Are the photos you take with your iPhone or iPad backed up in case you lose your device? If you’re just relying on iCloud to manage your important memories, your photos may not be backed up at all.
Apple’s iCloud has a photo-syncing feature in the form of “Photo Stream,” but Photo Stream doesn’t actually perform any long-term backups of your photos.
iCloud’s Photo Backup Limitations
Assuming you’ve set up iCloud on your iPhone or iPad, your device is using a feature called “Photo Stream” to automatically upload the photos you take to your iCloud storage and sync them across your devices. Unfortunately, there are some big limitations here.
- 1000 Photos: Photo Stream only backs up the latest 1000 photos. Do you have 1500 photos in your Camera Roll folder on your phone? If so, only the latest 1000 photos are stored in your iCloud account online. If you don’t have those photos backed up elsewhere, you’ll lose them when you lose your phone. If you have 1000 photos and take one more, the oldest photo will be removed from your iCloud Photo Stream.
- 30 Days: Apple also states that photos in your Photo Stream will be automatically deleted after 30 days “to give your devices plenty of time to connect and download them.” Some people report photos aren’t deleted after 30 days, but it’s clear you shouldn’t rely on iCloud for more than 30 days of storage.
- iCloud Storage Limits: Apple only gives you 5 GB of iCloud storage space for free, and this is shared between backups, documents, and all other iCloud data. This 5 GB can fill up pretty quickly. If your iCloud storage is full and you haven’t purchased any more storage more from Apple, your photos aren’t being backed up.
- Videos Aren’t Included: Photo Stream doesn’t include videos, so any videos you take aren’t automatically backed up.
It’s clear that iCloud’s Photo Stream isn’t designed as a long-term way to store your photos, just a convenient way to access recent photos on all your devices before you back them up for real.
iCloud’s Photo Stream is Designed for Desktop Backups
If you have a Mac, you can launch iPhoto and enable the Automatic Import option under Photo Stream in its preferences pane. Assuming your Mac is on and connected to the Internet, iPhoto will automatically download photos from your photo stream and make local backups of them on your hard drive. You’ll then have to back up your photos manually so you don’t lose them if your Mac’s hard drive ever fails.
If you have a Windows PC, you can install the iCloud Control Panel, which will create a Photo Stream folder on your PC. Your photos will be automatically downloaded to this folder and stored in it. You’ll want to back up your photos so you don’t lose them if your PC’s hard drive ever fails.
Photo Stream is clearly designed to be used along with a desktop application. Photo Stream temporarily backs up your photos to iCloud so iPhoto or iCloud Control Panel can download them to your Mac or PC and make a local backup before they’re deleted. You could also use iTunes to sync your photos from your device to your PC or Mac, but we don’t really recommend it — you should never have to use iTunes.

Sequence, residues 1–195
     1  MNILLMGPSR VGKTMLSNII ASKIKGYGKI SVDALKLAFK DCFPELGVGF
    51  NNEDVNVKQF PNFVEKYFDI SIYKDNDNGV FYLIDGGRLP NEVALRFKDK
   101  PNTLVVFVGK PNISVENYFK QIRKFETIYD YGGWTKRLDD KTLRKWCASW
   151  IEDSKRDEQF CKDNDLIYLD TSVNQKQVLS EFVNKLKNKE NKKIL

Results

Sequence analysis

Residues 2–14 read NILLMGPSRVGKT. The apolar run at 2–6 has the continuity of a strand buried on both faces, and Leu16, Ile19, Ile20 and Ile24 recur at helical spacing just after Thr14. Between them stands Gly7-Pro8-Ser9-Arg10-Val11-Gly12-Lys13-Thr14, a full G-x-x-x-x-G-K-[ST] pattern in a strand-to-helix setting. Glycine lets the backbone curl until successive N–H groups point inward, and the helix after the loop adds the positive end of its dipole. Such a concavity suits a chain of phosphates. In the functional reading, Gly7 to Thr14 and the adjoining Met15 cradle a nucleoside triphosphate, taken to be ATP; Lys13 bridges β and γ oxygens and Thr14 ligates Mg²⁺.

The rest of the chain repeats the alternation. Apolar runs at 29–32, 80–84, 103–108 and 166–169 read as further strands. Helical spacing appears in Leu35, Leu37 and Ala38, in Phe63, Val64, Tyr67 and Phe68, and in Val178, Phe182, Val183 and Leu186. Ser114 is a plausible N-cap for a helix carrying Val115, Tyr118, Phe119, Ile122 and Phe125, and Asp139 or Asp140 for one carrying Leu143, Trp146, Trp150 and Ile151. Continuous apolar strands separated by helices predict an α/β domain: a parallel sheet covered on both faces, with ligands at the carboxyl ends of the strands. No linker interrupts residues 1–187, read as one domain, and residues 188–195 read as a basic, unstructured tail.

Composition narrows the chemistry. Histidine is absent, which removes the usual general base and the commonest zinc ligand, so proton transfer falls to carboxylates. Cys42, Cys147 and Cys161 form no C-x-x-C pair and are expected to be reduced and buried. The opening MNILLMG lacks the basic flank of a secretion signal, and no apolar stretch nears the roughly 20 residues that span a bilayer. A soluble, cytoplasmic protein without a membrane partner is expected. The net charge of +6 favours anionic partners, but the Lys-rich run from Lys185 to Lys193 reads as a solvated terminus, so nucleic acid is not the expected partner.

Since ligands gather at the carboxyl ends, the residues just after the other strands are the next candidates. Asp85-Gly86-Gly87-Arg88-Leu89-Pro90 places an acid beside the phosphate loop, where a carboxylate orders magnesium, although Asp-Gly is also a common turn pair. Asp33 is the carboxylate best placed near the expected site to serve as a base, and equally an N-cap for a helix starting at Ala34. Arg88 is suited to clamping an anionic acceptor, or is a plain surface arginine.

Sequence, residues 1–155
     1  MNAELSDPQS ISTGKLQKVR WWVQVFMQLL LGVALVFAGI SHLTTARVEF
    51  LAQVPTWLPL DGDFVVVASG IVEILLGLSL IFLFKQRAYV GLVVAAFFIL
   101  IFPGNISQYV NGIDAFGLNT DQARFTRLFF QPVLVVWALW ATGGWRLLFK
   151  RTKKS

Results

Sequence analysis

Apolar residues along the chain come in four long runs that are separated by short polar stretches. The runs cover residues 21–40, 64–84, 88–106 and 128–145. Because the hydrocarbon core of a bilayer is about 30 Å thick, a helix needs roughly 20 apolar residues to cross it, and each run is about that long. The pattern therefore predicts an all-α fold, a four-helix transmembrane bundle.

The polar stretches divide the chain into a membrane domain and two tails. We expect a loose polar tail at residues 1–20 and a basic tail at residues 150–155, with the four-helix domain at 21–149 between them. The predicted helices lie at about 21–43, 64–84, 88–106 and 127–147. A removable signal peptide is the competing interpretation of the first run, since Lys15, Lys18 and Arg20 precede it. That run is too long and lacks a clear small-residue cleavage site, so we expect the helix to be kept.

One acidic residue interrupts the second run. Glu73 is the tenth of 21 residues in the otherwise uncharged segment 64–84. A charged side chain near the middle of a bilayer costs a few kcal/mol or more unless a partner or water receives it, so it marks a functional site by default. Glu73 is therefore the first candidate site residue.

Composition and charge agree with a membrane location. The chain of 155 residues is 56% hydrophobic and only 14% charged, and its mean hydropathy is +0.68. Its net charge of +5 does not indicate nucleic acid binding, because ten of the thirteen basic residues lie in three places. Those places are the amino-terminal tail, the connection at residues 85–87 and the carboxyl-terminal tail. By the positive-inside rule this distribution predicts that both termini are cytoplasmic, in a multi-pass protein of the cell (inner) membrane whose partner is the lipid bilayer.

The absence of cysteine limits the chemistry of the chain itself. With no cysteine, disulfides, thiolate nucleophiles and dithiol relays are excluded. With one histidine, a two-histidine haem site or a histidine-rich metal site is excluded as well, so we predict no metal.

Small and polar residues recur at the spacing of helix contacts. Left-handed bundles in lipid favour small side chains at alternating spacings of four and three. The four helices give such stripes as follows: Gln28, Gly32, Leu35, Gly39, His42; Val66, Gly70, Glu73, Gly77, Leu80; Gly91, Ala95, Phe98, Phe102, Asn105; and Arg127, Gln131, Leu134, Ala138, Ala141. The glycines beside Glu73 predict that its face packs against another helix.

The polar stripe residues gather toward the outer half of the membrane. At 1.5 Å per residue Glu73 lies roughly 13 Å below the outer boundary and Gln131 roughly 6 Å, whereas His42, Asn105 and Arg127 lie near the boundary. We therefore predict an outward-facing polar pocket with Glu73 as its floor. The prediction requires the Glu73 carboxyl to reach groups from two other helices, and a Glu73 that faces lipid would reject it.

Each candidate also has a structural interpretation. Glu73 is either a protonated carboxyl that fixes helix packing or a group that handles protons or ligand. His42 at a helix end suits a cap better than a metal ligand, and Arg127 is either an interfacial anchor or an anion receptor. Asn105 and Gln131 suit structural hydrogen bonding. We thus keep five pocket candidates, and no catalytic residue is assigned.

How to Actually Back Up All Your Photos Online
So Photo Stream is actually pretty inconvenient — or, at least, it’s just a way to temporarily sync photos between your devices without storing them long-term. But what if you actually want to automatically back up your photos online without them being deleted automatically?
The solution here is a third-party app that does this for you, offering the automatic photo uploads with long-term storage. There are several good services with apps in the App Store:
- Dropbox: Dropbox’s Camera Upload feature allows you to automatically upload the photos — and videos — you take to your Dropbox account. They’ll be easily accessible anywhere there’s a Dropbox app and you can get much more free Dropbox storage than you can iCloud storage. Dropbox will never automatically delete your old photos.
- Google+: Google+ offers photo and video backups with its Auto Upload feature, too. Photos will be stored in your Google+ Photos — formerly Picasa Web Albums — and will be marked as private by default so no one else can view them. Full-size photos will count against your free 15 GB of Google account storage space, but you can also choose to upload an unlimited amount of photos at a smaller resolution.
- Flickr: The Flickr app is no longer a mess. Flickr offers an Auto Upload feature for uploading full-size photos you take and free Flickr accounts offer a massive 1 TB of storage for you to store your photos. The massive amount of free storage alone makes Flickr worth a look.
Use any of these services and you’ll get an online, automatic photo backup solution you can rely on. You’ll get a good chunk of free space, your photos will never be automatically deleted, and you can easily access them from any device. You won’t have to worry about storing local copies of your photos and backing them up manually.
Apple should fix this mess and offer a better solution for long-term photo backup, especially considering the limitations aren’t immediately obvious to users. Until they do, third-party apps are ready to step in and take their place.